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Friday, March 30, 2012

Ideas and Memory as Writer’s Refuge


Thinking the Twentieth Century, by Tony Judt, with Timothy Snyder, is exactly what the title says it is. Conceived as a “spoken book” in the traditional European sense (not, that is, as an audio book but as one proceeding from conversation), it is the last written record of his thoughts by the author before his untimely death at the age of 62 of ALS. It is also a collaboration between two minds well schooled in history and particularly in Eastern European political history and drawing, therefore, on two lifetimes of extensive and catholic reading. As Judt’s conversational partner, Timothy Snyder, remarks in his foreword, “This book makes a case for conversation, but perhaps an even stronger case for reading.”

Judt’s wife, Jennifer A. Homans, says that Tony did not prepare for the weekly two-hour conversations with Tim, that he went into them without notes, and that the two men talked without a break (“Tony Judt: A Final Victory,” New York Review of Books, March 22, 2012). Toward the end of his life, this book was very much what he lived for--clarifying thought, retrieving memory.
For Tony the incentive behind the book—and it had to be a powerful one to overcome the discomfort and depression that were his constant companions—was primarily intellectual, a matter of clarification. ... Sick Tony ... was able, with Tim and through sheer mental and physical exertion, to find some relief and exhilaration in the life of the mind.
The conversations between Judt and Snyder took place in the Judt family apartment in New York City. At their first meeting, Tony was able to walk to meet his friend at the door, although already he could not open the door himself. By their final meeting, he was bedridden and paralyzed except for his head, eyes and vocal chords. It isn’t difficult to imagine how these islands of stimulating conversation must have stood out in a glow of their own for Tony Judt in his last bleak, paralyzed days. Again, Jennifer Homans—
I didn’t fully understand it at the time, but I now see that the dead can extend feelings across the divide separating the living from the ever after. But—and this is a big but—they can only do it if they think of it in advance, before they actually die.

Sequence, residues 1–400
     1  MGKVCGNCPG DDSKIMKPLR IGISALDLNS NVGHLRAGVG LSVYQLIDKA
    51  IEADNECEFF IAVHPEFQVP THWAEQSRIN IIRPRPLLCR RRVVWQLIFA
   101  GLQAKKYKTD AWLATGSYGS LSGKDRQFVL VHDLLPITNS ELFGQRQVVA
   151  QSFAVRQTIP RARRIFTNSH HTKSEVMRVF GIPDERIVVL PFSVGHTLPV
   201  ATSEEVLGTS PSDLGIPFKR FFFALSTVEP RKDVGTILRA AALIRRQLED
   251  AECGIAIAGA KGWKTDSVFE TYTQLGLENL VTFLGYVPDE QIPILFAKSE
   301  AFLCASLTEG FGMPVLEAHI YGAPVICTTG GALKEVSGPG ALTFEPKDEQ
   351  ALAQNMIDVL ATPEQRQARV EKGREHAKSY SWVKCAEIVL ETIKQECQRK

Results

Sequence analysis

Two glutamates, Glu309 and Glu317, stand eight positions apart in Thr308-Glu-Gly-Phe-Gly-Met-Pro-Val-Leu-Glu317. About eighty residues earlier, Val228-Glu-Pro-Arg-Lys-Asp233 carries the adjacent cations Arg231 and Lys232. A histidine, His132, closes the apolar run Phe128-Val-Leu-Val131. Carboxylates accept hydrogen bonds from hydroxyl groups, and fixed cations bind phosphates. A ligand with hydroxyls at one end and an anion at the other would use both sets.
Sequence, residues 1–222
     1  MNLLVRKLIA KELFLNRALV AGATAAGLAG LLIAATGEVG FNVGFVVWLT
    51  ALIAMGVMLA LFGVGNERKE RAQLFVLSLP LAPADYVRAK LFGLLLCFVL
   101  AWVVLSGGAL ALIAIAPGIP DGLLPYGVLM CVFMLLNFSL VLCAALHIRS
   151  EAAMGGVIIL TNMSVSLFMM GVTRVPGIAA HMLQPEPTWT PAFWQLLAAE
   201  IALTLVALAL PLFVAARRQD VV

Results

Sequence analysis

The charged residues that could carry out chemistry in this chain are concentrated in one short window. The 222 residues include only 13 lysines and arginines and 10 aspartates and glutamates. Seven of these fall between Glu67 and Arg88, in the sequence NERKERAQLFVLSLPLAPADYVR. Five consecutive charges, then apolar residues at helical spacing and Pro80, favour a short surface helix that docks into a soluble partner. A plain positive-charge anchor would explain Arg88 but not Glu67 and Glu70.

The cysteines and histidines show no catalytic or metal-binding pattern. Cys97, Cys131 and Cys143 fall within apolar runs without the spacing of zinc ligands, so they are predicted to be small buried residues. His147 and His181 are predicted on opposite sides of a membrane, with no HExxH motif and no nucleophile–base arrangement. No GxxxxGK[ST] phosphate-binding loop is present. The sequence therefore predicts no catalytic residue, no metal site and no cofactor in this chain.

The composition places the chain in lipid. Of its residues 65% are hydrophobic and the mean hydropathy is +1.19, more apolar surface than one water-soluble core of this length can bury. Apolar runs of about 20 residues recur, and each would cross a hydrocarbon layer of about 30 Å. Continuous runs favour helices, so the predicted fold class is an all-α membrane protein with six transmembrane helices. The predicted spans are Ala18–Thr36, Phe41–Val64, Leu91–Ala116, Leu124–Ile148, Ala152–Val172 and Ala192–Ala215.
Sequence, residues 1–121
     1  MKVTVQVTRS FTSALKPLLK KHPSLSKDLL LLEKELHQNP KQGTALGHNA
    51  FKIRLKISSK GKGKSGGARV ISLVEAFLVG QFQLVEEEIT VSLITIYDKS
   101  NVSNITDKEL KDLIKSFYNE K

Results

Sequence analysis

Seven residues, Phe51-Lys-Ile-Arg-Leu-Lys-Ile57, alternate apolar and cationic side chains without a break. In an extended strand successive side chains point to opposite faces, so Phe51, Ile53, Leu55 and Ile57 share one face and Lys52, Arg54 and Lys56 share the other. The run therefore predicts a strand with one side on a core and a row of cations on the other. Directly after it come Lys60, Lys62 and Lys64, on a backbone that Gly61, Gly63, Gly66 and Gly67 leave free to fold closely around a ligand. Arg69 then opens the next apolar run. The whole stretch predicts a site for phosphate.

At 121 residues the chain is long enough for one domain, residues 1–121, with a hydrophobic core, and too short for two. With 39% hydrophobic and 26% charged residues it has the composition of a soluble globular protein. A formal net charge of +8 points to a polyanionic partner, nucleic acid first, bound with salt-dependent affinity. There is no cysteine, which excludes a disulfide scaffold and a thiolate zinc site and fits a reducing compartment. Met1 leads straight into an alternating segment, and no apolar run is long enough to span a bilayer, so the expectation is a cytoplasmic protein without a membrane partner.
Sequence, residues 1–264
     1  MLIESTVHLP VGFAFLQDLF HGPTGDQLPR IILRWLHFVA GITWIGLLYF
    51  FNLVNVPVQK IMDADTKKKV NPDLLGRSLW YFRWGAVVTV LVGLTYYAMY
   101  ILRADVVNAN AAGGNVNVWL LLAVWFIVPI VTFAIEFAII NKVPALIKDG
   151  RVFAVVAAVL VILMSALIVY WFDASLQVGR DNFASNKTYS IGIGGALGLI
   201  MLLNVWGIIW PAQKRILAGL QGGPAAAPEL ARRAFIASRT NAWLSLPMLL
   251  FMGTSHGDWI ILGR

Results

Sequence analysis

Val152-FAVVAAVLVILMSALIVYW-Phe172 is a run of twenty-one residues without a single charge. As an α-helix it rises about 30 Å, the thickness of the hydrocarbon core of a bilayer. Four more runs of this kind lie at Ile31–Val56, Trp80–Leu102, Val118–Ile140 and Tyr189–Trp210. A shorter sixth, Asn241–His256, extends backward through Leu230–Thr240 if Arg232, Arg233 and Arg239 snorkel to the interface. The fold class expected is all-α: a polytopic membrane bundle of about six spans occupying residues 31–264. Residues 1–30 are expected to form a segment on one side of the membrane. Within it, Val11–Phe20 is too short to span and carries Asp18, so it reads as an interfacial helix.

Although the topics covered in Thinking the Twentieth Century are fully as serious as Judt’s earlier Postwar, and the background information assumed every bit as erudite, the structure here and the conversational tone make the book more readily accessible to the nonacademic reader. There are no footnotes. There is no bibliography. This is the work, basically, of a single well-informed mind, speaking to and being drawn out by another. Each chapter begins with a short autobiographical section by Tony Judt, which serves to situate his thought and its development over time. As Ian Buruma observes in the current issue of The New York Review of Books (April 5, 2012),
Passion and skepticism would always be in competition in his mind, as though he were forever debating his own enthusiasms. He has been criticized for being inconsistent in his views. But arguing with oneself, especially with one’s passions, is the mark of a real thinker. And Judt didn’t stop thinking until he drew his last breath. [My emphasis added]
Because Judt never rested dogmatically with any particular view of life or of history, he was able to to bring to his last thoughts both an insider’s and an outsider’s viewpoints on many different beliefs. He was also able to see striking similarities, of a kind indiscernible to true believers, between militantly opposed viewpoints. For instance, in the third chapter of Thinking the Twentieth Century, he spoke to Snyder of Christianity and Marxism as having an important commonality not shared by social democratic liberalism. Both the Christian and the Marxist, he said, can justify inflicting suffering in the present for the sake of a future they believe the suffering will bring—e.g., torturing save immortal souls or murdering for the sake of the Revolution.